If you love the temperament of the American Burmese, but don't care for the breed's exaggeratedly round head, then you may want to take a close look at the European Burmese.
This breed is actually descended from the American Burmese, which originated from temple cats in Burma.
The temple cats were pure white, but suddenly changed color. According to legends, this color change happened when the cats took on the coloring of the temple's goddess.
Some cat fanciers have a more practical explanation, however, and blame another cat. They believe a wandering Siamese fathered a few litters of kittens.
The American Burmese first arrived in Europe at the end of World War II. European breeders were concerned that there was such a small gene pool to work with and decided to crossbreed the American Burmese with the Siamese cat.
As they worked with the breed, they decided that they liked the Oriental appearance of these crossbreed kittens more than the appearance of the original American Burmese.
As the breeders continued to work with the Burmese, they developed a cat that was distinct enough to have its own name, the European Burmese.
Besides developing a wedge shaped head instead of the round head of the American Burmese, the European Burmese developed several new and exciting colors. This breed is seen in Brown, Chocolate, Red, Blue, Lilac, and Cream colors, as well as tortoiseshell patterns of these colors.
Ideally, these cats should have large rounded eyes with a rich golden color, although green eyes are allowed. This breed has a powerful, well muscled body that weighs in at eight to fourteen pounds. Graceful, slender legs and and a nicely tapered tail balance the Burmese body.
These cats tend to be extremely sweet and loving animals. They enjoy spending time with their families, but are not overly playful or mischievous. Actually, they prefer to curl up in the nearest lap and take a nap. This breed is very tolerant of children and other pets.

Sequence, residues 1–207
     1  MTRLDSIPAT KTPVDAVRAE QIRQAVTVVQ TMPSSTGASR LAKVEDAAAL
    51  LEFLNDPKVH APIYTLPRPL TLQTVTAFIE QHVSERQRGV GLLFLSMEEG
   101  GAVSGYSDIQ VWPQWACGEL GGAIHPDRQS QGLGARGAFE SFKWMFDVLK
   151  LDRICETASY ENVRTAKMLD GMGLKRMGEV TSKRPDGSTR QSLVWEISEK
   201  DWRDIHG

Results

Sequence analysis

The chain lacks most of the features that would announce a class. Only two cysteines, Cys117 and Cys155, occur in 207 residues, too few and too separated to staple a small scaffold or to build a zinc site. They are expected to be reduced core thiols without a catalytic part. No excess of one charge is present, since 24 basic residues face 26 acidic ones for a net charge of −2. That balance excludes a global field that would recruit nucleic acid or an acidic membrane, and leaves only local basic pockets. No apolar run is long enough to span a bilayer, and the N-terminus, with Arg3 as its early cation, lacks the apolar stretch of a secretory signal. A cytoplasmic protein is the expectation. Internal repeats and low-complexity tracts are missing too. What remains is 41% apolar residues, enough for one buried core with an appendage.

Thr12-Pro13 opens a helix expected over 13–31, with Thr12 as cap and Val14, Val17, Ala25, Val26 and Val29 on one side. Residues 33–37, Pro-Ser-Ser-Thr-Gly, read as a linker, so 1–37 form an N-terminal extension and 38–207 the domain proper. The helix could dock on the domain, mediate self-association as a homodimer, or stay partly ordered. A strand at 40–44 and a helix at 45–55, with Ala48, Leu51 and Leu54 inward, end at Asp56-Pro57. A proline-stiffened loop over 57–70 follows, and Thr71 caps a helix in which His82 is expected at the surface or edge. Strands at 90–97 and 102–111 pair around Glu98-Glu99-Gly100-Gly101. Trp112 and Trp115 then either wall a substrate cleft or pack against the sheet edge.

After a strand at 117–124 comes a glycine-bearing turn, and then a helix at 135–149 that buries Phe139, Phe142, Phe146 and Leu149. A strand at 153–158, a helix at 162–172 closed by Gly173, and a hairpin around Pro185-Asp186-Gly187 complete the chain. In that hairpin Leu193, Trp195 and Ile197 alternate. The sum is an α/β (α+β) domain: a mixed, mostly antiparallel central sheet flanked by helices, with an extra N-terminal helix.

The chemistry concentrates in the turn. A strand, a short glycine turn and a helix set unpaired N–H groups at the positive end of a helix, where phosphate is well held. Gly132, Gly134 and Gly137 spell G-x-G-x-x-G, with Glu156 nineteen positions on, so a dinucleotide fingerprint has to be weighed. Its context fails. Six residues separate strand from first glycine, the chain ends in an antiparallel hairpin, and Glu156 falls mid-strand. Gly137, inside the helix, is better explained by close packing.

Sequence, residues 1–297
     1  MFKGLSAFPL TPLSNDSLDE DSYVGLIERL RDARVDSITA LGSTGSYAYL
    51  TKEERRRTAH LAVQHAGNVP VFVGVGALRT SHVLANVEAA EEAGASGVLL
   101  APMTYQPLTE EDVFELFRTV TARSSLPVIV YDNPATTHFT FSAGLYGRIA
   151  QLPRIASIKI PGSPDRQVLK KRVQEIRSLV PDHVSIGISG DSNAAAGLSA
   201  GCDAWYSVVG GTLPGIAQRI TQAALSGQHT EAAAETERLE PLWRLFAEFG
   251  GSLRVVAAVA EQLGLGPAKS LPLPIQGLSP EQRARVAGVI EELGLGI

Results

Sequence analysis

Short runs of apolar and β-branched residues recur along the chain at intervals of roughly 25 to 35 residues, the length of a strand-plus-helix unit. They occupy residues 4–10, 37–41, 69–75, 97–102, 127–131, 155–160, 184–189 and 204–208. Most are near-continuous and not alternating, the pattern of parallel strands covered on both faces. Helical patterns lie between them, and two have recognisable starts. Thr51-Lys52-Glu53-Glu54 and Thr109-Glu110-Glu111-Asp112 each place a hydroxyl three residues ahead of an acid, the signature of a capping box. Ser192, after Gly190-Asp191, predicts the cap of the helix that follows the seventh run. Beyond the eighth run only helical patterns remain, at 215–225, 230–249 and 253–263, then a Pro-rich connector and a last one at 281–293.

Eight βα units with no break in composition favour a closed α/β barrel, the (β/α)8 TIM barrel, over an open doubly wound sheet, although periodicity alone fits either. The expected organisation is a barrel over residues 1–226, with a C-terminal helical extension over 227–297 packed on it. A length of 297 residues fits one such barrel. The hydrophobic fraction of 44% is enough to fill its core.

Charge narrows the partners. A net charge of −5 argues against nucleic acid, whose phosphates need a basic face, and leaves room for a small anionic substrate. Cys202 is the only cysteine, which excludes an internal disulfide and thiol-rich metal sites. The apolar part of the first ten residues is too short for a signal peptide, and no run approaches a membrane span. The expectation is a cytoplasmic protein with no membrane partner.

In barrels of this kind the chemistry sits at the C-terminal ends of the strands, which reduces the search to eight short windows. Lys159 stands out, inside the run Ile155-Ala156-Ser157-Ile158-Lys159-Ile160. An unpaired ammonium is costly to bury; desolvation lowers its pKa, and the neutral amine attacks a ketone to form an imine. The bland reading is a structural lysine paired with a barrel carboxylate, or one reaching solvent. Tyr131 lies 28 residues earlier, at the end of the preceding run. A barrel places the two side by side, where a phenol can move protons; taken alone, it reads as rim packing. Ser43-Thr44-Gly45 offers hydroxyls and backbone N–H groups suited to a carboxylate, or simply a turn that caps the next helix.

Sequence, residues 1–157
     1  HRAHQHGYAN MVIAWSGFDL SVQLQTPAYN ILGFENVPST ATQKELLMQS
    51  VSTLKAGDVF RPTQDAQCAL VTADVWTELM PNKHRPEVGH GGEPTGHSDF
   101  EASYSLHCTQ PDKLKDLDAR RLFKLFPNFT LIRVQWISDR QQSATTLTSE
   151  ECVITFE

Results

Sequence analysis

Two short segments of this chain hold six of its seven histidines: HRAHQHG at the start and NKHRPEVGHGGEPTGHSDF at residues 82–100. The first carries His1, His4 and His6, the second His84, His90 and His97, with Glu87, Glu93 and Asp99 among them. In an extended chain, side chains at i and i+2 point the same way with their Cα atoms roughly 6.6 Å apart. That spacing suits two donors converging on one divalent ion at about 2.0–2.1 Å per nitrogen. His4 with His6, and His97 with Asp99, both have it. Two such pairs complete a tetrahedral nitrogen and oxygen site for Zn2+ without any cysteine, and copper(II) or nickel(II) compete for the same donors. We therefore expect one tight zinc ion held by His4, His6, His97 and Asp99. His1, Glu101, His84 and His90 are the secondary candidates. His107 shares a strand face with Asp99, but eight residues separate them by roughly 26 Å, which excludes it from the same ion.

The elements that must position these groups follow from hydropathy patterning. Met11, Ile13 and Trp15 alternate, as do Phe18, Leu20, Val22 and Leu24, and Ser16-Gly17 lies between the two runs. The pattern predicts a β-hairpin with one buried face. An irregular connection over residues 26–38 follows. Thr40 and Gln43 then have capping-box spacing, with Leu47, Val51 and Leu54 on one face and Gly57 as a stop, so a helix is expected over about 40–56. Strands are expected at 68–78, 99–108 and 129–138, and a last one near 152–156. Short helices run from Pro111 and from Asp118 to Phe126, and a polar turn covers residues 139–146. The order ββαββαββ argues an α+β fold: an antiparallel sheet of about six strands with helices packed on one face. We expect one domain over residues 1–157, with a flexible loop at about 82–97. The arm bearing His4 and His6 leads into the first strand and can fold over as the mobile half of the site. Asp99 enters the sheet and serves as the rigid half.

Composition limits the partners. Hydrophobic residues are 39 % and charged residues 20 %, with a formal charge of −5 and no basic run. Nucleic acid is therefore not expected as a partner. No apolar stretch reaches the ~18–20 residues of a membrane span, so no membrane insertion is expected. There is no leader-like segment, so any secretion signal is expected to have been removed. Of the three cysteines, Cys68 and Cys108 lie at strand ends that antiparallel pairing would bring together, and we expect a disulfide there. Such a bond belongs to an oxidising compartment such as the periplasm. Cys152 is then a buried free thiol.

Since these cats crave companionship, they are not suitable for people who are away from home for long periods of time, unless they have another cat to keep them company.
In fact, even if you hardly ever leave your cat alone, you may still want to add another cat or two to the household, since the European Burmese loves to spend time with other cats.
Since the Burmese is a shorthair breed, it doesn't need a great deal of grooming. Simply brushing through your cat's coat once a week should keep her looking sleek and beautiful. Occasionally, you may want to bathe her to keep dander down.
In addition, you should check your cat's nails to be sure they do not need to be trimmed once or twice a month. You may also want to brush her teeth to keep them from becoming dirty or decayed.
If you want to own more than one cat and have a household with children in it, then you may just want to consider the beautiful European Burmese. Best of all, despite the breed's Siamese ancestry, it is not an overly vocal cat.
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